Internet Law

The Day the Internet Music Dies


Playing music on the Internet gets more expensive on Sunday—in some cases prohibitively so—because of inaction by a federal appeals court.

Sunday is the day that broadcast royalty rates will increase because of a decision by an obscure group of federal judges called the Copyright Royalty Board, the Los Angeles Times reports. It increased rates for Internet radio stations, made them retroactive to 2006, and eliminated caps on fees for small Internet radio stations.

In a decision released yesterday, the U.S. Court of Appeals for the District of Columbia Circuit refused to issue an emergency stay barring the new rates from taking effect.

“It really isn’t fair,” says Michael Clark, a Web developer in Virginia who plays Christmas music all year long on two Internet radio stations he created. He shut down operations on one station when he realized he may have to pay more than $20,000 in royalties, the Los Angeles Times reports in a separate story. Other small station owners plan to do the same, if they have not already done so.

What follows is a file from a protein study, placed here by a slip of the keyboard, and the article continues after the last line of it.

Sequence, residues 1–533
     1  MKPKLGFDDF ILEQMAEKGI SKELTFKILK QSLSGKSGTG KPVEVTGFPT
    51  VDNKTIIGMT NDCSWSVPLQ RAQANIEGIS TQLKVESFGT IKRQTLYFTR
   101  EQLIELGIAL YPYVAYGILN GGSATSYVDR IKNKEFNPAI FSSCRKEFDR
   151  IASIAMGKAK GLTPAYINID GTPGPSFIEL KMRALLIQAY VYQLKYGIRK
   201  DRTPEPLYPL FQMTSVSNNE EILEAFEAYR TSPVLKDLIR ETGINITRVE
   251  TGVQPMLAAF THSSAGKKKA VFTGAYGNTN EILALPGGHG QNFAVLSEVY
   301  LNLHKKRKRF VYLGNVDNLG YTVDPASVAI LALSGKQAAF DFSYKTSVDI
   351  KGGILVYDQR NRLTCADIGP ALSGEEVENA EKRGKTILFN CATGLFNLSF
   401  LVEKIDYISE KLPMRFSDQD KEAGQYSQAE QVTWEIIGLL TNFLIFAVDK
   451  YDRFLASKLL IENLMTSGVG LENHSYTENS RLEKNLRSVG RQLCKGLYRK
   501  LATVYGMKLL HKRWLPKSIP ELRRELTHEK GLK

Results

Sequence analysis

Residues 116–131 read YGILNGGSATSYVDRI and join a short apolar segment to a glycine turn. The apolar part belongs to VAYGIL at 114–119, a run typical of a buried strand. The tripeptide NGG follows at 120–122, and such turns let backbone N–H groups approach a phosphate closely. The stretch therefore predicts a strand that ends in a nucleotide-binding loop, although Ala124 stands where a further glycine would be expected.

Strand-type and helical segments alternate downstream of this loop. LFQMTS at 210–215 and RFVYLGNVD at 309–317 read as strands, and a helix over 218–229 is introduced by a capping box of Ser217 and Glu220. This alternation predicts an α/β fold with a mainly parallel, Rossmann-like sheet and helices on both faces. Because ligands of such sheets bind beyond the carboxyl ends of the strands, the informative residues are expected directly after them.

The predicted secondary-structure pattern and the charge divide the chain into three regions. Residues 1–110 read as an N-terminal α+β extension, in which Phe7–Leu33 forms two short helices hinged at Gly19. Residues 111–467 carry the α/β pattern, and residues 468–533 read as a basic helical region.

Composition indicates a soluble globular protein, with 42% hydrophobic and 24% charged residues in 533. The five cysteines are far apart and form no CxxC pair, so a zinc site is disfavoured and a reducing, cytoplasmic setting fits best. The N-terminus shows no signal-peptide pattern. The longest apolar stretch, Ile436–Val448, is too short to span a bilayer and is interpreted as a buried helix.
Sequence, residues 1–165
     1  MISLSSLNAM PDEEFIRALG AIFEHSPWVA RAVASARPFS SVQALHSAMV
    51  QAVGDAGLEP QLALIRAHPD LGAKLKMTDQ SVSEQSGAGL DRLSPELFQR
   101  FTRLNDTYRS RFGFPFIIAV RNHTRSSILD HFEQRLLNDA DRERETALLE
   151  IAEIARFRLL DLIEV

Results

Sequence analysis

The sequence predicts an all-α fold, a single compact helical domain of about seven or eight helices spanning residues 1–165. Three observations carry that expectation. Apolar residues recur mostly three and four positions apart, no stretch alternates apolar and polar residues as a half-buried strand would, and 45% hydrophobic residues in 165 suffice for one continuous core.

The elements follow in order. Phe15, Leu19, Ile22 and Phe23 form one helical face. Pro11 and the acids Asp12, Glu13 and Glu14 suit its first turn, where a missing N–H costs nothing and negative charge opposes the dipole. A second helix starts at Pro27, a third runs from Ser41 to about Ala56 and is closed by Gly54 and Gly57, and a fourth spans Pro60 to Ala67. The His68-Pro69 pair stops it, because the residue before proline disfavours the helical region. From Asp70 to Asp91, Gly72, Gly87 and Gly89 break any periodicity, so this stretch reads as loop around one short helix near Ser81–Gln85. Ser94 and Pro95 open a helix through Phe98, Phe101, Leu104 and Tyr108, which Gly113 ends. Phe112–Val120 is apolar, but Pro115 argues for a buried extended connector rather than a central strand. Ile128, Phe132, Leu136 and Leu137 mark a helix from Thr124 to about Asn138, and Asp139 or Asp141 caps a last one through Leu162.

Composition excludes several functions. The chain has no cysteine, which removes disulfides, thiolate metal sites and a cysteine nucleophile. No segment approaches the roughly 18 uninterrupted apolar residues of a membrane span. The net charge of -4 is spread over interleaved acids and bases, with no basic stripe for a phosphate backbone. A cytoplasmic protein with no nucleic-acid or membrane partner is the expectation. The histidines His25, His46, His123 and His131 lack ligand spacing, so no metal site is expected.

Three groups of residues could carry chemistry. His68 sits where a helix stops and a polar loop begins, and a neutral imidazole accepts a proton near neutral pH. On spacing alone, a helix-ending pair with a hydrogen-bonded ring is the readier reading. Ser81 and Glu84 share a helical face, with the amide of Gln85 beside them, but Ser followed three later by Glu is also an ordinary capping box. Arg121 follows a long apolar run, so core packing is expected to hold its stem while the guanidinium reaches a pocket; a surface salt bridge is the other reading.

The royalty board, part of the Library of Congress, decided in March to eliminate a provision that allowed small webcasters to pay no more than 10 percent or 12 percent of their revenue rather than a per-song rate. The move also nearly triples per-song rates by 2010 and adds an annual fee of $500 per station or channel the Washington Post reports.

SoundExchange, which collects and distributes Internet music royalties, had sought the higher fee. It met yesterday with broadcasters trying to negotiate better rates, but no agreement was reached.

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